The present invention is a method and assembly for separating a fluid sample into a higher specific gravity phase and a lower specific gravity phase. Desirably, the assembly comprises a plurality of constituents. Preferably, the assembly of the present invention comprises a container, a liner and a composite element.
Most preferably, the container is a tube that comprises an open end, a closed end and a sidewall extending between the open end and the closed end. The sidewall comprises an outer surface and an inner surface. The tube further comprises a closure disposed to fit in the open end of the tube with a resealable septum. Alternatively, both ends of the tube may be open, and both ends of the tube may be sealed by elastomeric closures. At least one of the closures of the tube may include a resealable septum.
Most preferably, the liner comprises an open end, a closed end and a sidewall extending between the open end and the closed end. The sidewall comprises an outer surface and an inner surface. The liner is most preferably a thin wall elastomeric material. The liner is positioned in the tube such that the open end of the liner is attached to the inner surface of the tube at the open end and the closed end of the liner is near the closed end of the tube. The liner, in an unbiased condition, is cross-sectionally dimensioned along most of its length to lie in spaced relationship to the tube.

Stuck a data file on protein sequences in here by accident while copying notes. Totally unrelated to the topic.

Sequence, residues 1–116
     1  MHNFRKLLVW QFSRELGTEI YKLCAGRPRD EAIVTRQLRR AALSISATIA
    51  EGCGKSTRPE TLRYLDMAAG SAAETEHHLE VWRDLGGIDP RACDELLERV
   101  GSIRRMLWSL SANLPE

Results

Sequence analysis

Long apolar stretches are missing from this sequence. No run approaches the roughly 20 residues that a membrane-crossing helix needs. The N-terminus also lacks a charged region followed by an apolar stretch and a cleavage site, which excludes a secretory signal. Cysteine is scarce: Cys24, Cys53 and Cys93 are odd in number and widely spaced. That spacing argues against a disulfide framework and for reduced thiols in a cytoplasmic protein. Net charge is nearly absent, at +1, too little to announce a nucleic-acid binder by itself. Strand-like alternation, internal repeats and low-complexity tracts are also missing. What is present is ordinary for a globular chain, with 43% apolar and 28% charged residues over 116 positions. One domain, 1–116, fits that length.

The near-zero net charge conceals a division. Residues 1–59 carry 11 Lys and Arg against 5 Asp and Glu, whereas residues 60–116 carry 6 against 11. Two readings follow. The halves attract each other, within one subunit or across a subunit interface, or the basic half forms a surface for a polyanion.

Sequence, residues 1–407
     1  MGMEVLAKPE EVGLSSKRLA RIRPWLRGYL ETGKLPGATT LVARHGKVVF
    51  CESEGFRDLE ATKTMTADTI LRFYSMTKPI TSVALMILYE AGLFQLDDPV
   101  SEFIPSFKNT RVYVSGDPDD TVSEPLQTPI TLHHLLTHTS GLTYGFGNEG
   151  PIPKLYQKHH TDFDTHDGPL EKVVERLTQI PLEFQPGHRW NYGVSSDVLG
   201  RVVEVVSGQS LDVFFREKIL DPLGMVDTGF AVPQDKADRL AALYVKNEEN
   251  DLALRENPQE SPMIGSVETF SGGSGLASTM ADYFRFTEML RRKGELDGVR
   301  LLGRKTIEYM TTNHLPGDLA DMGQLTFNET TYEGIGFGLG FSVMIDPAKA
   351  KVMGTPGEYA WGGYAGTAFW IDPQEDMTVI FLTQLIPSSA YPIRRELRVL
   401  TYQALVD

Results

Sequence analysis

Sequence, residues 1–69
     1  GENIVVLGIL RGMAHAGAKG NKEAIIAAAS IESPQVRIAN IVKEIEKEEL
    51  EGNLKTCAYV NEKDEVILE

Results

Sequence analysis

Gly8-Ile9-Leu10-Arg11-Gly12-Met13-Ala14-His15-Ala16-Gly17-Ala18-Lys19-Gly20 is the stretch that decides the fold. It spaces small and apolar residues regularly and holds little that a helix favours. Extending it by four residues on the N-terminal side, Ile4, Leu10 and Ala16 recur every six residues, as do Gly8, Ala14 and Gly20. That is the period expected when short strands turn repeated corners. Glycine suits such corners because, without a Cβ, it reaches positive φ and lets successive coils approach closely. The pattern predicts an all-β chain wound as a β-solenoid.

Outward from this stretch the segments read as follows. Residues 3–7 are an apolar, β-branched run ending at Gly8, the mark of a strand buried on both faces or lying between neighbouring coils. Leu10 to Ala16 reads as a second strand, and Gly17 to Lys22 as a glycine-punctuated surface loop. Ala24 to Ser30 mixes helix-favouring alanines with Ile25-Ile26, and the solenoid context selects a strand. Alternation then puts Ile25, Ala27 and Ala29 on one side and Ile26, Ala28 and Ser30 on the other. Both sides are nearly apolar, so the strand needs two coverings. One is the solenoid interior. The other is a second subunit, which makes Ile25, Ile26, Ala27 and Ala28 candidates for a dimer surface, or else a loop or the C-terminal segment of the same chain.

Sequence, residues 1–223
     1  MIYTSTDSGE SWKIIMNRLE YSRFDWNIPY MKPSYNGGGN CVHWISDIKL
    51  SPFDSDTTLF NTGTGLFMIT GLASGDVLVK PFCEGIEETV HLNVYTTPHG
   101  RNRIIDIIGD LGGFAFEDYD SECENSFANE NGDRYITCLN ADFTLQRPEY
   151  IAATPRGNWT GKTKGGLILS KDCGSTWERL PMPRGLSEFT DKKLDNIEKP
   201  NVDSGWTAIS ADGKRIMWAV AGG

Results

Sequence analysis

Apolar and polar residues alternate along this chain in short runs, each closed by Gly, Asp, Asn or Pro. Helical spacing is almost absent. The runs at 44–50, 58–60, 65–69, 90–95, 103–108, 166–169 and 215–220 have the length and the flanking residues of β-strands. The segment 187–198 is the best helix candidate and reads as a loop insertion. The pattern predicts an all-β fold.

Preferably, the flexible liner comprises a qualitative stiffness that may be characterized by a non-dimensional stiffness coefficient, S* and expressed as follows:
Where E is the modulus of elasticity, OD is the thickness defined by the outside diameter, D is the seal diameter, a is the applied acceleration and ρw is the density of water. The stiffness coefficient is about 0.003 to about 190.
Preferably, the liner has a thickness of about 1.0 mm to about 2.5 mm, a modulus of elasticity of about 13.8 MPa to about 69 MPa.
Preferably, the liner deforms due to hydrostatic pressure under applied acceleration and returns to its initial state upon removal of the acceleration, thereby forming a seal by constricting on a relatively rigid floating member which is positioned in a target density region between the higher density portion and the lower density portion of a fluid sample.
Desirably, the liner may be comprised of any natural or synthetic elastomer or mixture thereof, that are inert to the fluid sample of interest.
Preferably, the composite element is a seal body. The seal body may be a single constituent or a plurality of constituents and comprises a specific density at a target density range as defined by separable fluid components densities.
Desirably, the seal body is a substantially rigid moldable thermoplastic material such as polyvinyl chloride, polystyrene, polyethylene, polypropylene, polyester, marble and mixtures thereof that are inert to the fluid sample of interest.
Preferably, the seal body has an overall density between the densities of two phases of a blood sample.
Preferably, the seal body comprises an overall specific gravity at a target specific gravity of σt. The target specific gravity is that required to separate a fluid sample into two phases.
Most preferably, the seal body comprises at least one region of a specific gravity However, it is within the purview of the present invention that the seal plug may comprise at least two regions of differing specific gravities whereby at least one of the regions is higher than the target specific gravity and at least one of the regions is lower than the target specific gravity.